High Risk Pregnancy
It can be unnerving when your doctor or midwife tells you that you are having a high-risk pregnancy. Concerns for the health of mom and baby are normal. The Prenatal Testing Center and the Prenatal Unit in the Providence Maternity Center are here to help you through your pregnancy.
Occasionally before birth a mother will need the full-time care only a hospital can provide. A staff of specially trained nurses closely monitor high-risk mothers and their unborn baby. During your stay we help you understand what is happening to your body and what to expect in the near future.
Consider setting up a web page on The Status
to keep friends and family up to date. Let callers know they may reach you by calling 907-562-2211 and asking the operator to connect them to your room.
Moms on hospital bed rest need lots of rest so encourage well-wishers to limit their visits.
Your doctor or midwife may request tests during your pregnancy. Some of the reasons for the tests include:
- your baby is late
- you have preeclampsia or pregnancy induced hypertension
- your baby seems small for your expected due date
- you have had previous problems in pregnancy
- you have other medical problems such as diabetes, kidney disease, high blood pressure or severe anemia
- your baby is not as active as expected
Examples of the tests your doctor or midwife may request include:
A non-stress test evaluates your unborn baby's heart beat as it relates to his or her movements. This test provides information on how well your baby is doing and gives some indication of how well he or she will tolerate the stresses of labor. The baby's heart rate should increase slightly when he or she moves, just as your heart rate increases when you run or walk fast.
During the test you will be on a bed either in a slightly sitting position or on your side. Two monitoring leads will be placed on your abdomen with belts so that your uterine activity and your baby's heart beat can be recorded together. You may be asked to push a button every time you feel the baby move.
The test takes 20-40 minutes. Since the baby should be awake during the test, your baby might need to be stimulated by the nurse if he or she is sleeping. The nurse does this by pushing gently on your uterus to wake your baby or by using a vibro acoustic stimulator.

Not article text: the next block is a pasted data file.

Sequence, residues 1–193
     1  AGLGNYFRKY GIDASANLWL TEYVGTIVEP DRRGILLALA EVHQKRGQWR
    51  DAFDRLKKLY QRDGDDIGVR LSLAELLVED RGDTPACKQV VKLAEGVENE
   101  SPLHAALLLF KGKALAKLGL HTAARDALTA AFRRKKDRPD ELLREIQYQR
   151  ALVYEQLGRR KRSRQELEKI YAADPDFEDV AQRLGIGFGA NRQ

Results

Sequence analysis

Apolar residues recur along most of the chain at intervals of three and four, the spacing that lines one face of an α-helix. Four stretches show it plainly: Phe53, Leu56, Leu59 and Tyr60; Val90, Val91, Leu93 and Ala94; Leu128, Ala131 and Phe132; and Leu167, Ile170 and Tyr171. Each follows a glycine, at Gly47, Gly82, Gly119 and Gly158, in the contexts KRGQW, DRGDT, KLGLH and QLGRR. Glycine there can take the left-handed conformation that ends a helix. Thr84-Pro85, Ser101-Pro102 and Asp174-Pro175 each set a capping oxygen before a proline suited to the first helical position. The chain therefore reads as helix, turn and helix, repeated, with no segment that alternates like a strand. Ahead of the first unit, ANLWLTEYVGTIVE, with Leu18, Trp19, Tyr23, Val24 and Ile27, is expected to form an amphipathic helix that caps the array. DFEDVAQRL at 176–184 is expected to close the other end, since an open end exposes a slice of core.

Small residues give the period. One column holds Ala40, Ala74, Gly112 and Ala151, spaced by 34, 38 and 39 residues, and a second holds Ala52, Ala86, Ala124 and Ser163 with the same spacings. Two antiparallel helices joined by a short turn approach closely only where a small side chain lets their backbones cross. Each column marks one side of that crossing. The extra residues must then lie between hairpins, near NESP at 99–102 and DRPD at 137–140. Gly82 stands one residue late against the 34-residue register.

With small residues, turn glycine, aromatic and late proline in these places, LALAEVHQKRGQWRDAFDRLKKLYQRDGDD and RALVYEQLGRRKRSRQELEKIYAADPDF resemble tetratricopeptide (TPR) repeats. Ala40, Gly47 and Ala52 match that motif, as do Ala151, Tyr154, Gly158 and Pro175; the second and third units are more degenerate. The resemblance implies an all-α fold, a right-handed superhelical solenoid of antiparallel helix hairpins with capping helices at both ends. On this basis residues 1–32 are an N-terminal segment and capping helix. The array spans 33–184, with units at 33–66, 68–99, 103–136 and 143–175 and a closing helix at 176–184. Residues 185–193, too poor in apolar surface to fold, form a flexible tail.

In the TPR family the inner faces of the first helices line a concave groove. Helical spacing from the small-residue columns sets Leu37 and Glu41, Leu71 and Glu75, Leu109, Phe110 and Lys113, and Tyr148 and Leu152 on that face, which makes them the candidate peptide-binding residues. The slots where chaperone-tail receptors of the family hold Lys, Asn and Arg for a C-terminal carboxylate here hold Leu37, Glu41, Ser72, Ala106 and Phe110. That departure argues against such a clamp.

A biophysical profile is a way to look at your unborn baby and evaluate physical characteristics, which will help your caregiver assess the health of your baby.
The nurse will use an ultrasound machine to look at the baby through your abdominal and uterine walls. The room will be darkened, and you will be on the bed in a slightly sitting position. You and your baby will not feel anything except for some possible pressure.
The nurse will look for breathing movements of the baby's chest, watch for the baby to move, watch for the baby to kick or move its hands and look for the amount of amniotic fluid around the baby.
Amniotic fluid index
Amniotic fluid is a method of measuring the amount of amniotic fluid surrounding your baby. The amount of amniotic fluid may vary with obstetrical conditions such as diabetes, hypertension, the size of your baby, and if you are past your expected date of delivery.
During the procedure you will be lying on a bed. The nurse will use an ultrasound machine to look for pockets of amniotic fluid. All four sections of your uterus will be scanned and measured one at a time. The nurse will notify your doctor or midwife with the final amniotic fluid index number.
Doppler flow study
There are several conditions during pregnancy that can alter the speed of the blood flow in the umbilical vessels between the placenta and the baby. Some of these conditions are twins, preeclampsia (hypertension), intra-uterine growth restriction (small baby for estimated dates), diabetes, Rh sensitization and maternal vascular conditions.
During the procedure you will be placed on a bed in a semi-sitting position. An ultrasound machine will be used to locate the baby's umbilical cord. When the cord is found, you will hear the heart beat and see a picture on the ultrasound machine while the doctor takes some measurements. Usually three samples are taken.
You and your baby will not feel anything during the test.
For more information
To find general information and specific health topics, visit our online health library